As most R functions are not pipeline-aware, you should do something like the following.
First, you perform your data science transformations
and save the result to a temporary object (tmp
in this case).
survey %>%
filter(!is.na(stheight) & !is.na(stweight) &
year == 2013 & sex == "Male"
) %>%
select(stheight, stweight) ->
tmp
Then, you perform your regression analysis on the transformed
data stored in tmp
.
fit <- lm(stweight ~ stheight, tmp)
summary(fit)
(There is nothing wrong in this approach. In fact it is good. Jolly good. Splendid!
If you are absolutely happy with doing things this way then there is no need
to continue to devote your efforts in reading this document.
intubate
is not for you. I am happy we could establish this in such little time.)
But what if, in addition to the data transformation, you would also like to perform your data modeling/analysis under the same pipeline paradigm (by adding lm to it), which would impart notation consistency and would avoid the need of creating the temporary object? ```{r, eval=FALSE} survey %>% filter(!is.na(stheight) & !is.na(stweight) & year == 2013 & sex == "Male" ) %>% select(stheight, stweight) %>% lm(stweight ~ stheight) %>% ## Using the original function summary()
You get an **error**.
The reason of this failure is that pipeline-aware functions (such as the ones
in `dplyr` that were specifically designed to work in pipelines) receive the data as
the **first** parameter, and most
statistical procedures that work with **formulas** to specify the **model**,
such as `lm` and lots of other rock solid reliable functions that implement
well established statistical procedures, receive the data as the **second**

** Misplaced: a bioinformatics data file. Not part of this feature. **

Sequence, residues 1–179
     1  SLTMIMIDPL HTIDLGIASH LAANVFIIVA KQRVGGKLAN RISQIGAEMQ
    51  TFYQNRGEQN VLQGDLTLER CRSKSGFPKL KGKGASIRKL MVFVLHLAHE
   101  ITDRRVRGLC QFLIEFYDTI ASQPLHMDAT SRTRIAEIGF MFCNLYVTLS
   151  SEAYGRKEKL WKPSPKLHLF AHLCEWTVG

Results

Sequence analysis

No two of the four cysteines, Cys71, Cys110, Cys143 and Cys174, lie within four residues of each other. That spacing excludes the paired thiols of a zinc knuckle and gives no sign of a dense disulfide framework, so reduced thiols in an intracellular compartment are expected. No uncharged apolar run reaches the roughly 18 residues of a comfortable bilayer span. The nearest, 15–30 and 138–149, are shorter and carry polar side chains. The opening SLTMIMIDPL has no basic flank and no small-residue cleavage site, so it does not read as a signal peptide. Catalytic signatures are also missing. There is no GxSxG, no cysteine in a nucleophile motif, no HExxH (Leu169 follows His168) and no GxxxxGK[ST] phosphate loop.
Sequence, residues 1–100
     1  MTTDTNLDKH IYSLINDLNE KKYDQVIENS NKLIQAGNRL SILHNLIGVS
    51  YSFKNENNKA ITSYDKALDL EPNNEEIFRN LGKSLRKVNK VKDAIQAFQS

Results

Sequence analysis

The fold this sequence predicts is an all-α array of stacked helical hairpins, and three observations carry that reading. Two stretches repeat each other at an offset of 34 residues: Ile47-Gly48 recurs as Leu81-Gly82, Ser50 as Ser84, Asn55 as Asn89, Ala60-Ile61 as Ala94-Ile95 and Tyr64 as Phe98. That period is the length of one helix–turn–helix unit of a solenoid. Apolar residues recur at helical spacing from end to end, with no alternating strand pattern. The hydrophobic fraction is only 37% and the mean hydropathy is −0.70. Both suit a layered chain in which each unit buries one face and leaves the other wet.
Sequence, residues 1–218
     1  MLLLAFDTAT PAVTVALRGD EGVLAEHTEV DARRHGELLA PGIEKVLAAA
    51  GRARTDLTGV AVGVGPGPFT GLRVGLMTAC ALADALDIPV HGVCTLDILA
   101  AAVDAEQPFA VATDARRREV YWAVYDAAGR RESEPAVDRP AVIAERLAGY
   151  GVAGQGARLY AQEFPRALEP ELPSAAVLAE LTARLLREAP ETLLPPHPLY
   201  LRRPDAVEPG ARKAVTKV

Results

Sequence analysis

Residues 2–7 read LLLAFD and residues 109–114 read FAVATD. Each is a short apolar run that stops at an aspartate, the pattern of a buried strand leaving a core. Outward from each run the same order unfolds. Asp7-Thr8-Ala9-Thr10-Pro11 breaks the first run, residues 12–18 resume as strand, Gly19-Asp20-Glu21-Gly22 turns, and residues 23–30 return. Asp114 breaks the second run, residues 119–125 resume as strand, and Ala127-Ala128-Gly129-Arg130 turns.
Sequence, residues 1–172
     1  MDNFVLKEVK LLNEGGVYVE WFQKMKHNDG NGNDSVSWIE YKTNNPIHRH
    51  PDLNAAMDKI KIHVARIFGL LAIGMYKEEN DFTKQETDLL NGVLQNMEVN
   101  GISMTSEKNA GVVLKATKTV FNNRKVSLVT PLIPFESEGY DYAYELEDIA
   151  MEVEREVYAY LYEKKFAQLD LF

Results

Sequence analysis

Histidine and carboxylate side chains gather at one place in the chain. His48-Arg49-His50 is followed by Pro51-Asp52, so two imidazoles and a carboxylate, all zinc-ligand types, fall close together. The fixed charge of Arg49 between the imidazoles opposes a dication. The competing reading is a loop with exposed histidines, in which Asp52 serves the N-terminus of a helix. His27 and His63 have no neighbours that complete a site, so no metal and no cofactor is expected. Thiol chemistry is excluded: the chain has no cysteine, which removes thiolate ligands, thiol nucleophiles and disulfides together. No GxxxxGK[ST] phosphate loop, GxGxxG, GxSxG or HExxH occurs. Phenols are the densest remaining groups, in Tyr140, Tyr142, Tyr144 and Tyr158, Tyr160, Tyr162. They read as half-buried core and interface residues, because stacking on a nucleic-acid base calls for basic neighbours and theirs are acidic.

parameter.
This *minor* detail can make a difference, actually a huge one.
In fact, it may create a division line of two clearly separated cultures, that I will call, for the lack of better names, the "traditionalists" and the "modernists".
(They could be the "modeldatas" and the "datamodels".
Whichever you prefer that does not offend anyone)
The aim of `intubate` is to provide an easy alternative so nobody has to change the way they do things.
If you are a "traditionalist" and you want to create your new
statistical package in the traditional way
(first `model` and then `data`), you will not potentially find yourself at a crossroad if you think you need to decide which community to serve, when in fact you can serve *both* communities without having to do anything differently to what you have done so far. You can just keep doing it in the traditional way. In fact, (please...) keep doing it in the traditional way!
Why? Because *Everybody* will benefit.
EXT. BUCOLIC PASTURE - EARLY MORNING
Background music initially inaudible slowly increases in
volume while the panning camera, starting from a small
and fragile flower, reveals legions of smiling people
holding hands. Half dress t-shirts with a capital T, the
other half with a capital M.
Everybody raises their arms to the sky - still holding hands -
as if trying to embrace the universe.
Camera slowly raises, zooming out and tilting down, making
sure Everybody is included in the frame, while Everybody
mantains eye contact with the camera.
Sun rays break through heavy pure snow-white clouds.
Everybody opens their mouth and slowly inhales while closing
their eyes as if they really mean what comes next.
(This is critical. Make sure it looks credible.)
Music at full volume.
Everybody sing.
Everybody
We aaaaare the Woooorld - ta ta ta ta taaaa...
We aaaare the chiildreeeen - ta ta ta ta taaaa...
For "traditionalist" users (as I was until a couple of months ago), nothing will have
changed. In fact, they will be completely unaware of anything different happening at all.
Just business as usual and another fantastic statistical procedure to add to their bag of
resources.
For "modernist" users, `intubate` will do a couple of tricks behind the scenes so
they will be able to run, right at the end of any required data transformation,
your statistical procedures without any hassle using their preferred paradigm of pipelines.
There are alternatives that allow
to include `lm` (and others) in the pipeline without errors and without `intubate`.
They require workarounds
of varying levels of complexity and are illustrated later.
If you choose `intubate` is because you do not want to bother about workarounds when working with pipelines that include statistical procedures.